“At first we thought that we were digging up the common barracks or quarters of one of the officers – centurions [hekatontarchs]. However, the structure turned out to be more extensive than we thought. We uncovered a large house with rooms surrounding a stone-paved courtyard from three sides. Analogies with similar Roman forts indicate that the house belonged to the garrison commander” – said Dr. Karasiewicz-Szczypiorski of the Institute of Archaeology, University of Warsaw, head of excavations in Balaklava, Ukraine.

The building in the Crimea was identified as the Roman garrison commander’s property (praetorium) by Polish archaeologists during this year’s excavations at Balaklava.

The commander of the garrison was a high-ranking officer (tribune), who probably only visited outposts, while his permanent quarters were on the Lower Danube.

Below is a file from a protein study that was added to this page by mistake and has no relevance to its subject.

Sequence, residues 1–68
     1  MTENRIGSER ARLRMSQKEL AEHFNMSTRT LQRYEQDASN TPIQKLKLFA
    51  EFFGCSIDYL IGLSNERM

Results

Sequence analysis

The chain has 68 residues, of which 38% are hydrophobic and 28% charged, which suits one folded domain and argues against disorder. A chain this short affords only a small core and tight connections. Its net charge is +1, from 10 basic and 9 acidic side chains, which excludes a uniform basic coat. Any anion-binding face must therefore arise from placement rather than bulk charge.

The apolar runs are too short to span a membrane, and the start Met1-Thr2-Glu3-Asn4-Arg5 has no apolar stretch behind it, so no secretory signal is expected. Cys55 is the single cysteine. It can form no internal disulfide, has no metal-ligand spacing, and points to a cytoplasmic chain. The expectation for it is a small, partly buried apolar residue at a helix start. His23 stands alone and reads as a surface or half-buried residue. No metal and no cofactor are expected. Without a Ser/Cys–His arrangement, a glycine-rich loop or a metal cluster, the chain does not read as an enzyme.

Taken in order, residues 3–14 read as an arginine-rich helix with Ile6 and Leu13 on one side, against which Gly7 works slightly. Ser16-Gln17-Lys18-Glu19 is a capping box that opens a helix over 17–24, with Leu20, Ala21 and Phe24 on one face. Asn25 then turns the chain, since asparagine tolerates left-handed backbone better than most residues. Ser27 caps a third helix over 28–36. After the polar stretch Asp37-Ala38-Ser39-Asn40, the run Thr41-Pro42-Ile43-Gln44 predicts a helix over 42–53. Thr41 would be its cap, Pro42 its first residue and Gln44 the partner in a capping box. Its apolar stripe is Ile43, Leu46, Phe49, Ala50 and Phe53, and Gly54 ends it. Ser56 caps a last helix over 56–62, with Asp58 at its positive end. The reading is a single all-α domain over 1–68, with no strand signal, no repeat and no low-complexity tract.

Best preserved was the last construction phase of the building, dating back to the 2nd-3rd century. “The discovery of the praetorium in Balaklava suggests that, at least in the beginning of the 3rd century, the quarters of the Roman army commander in Tauris was the fort in Balaklava, and not, as previously thought in the nearby Chersonesus citadel” – said Dr. Karasiewicz-Szczypiorski .

Warsaw archaeologists first visited Balaklava in the 1990s. The excavations are carried out jointly with the staff of the local museum “Chersonesus Taurica” in Sevastopol. The result of these studies include the discovery of the temple of Jupiter Dolichenus [Roman god created from the syncretization of Jupiter, the Roman ‘king of the gods’, and a Baal cult of Commagene in Asia Minor].  The current project was carried out for three seasons with the funds from the Ministry of Science and Higher Education of Ukraine.